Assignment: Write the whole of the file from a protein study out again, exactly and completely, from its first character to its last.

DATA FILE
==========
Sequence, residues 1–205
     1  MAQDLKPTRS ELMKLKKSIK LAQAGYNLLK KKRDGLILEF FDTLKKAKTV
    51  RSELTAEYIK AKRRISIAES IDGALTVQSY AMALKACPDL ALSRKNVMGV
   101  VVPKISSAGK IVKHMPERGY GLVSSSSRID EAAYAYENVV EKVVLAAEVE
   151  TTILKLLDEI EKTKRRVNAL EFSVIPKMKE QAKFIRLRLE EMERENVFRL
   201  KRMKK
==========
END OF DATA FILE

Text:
Sequence, residues 1–205
     1  MAQDLKPTRS ELMKLKKSIK LAQAGYNLLK KKRDGLILEF FDTLKKAKTV
    51  RSELTAEYIK AKRRISIAES IDGALTVQSY AMALKACPDL ALSRKNVMGV
   101  VVPKISSAGK IVKHMPERGY GLVSSSSRID EAAYAYENVV EKVVLAAEVE
   151  TTILKLLDEI EKTKRRVNAL EFSVIPKMKE QAKFIRLRLE EMERENVFRL
   201  KRMKK